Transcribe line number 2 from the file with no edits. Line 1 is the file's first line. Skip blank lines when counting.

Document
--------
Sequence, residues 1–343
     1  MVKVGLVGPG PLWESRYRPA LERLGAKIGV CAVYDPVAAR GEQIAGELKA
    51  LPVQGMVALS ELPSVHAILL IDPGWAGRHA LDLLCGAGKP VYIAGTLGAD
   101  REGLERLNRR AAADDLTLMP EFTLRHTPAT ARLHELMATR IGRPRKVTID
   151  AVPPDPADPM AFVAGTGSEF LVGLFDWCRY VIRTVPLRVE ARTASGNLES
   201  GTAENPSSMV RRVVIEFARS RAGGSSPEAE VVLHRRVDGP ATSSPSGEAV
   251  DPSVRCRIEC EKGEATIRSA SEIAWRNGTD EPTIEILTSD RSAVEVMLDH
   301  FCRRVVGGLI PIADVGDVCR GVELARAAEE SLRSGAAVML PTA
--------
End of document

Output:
     1  MVKVGLVGPG PLWESRYRPA LERLGAKIGV CAVYDPVAAR GEQIAGELKA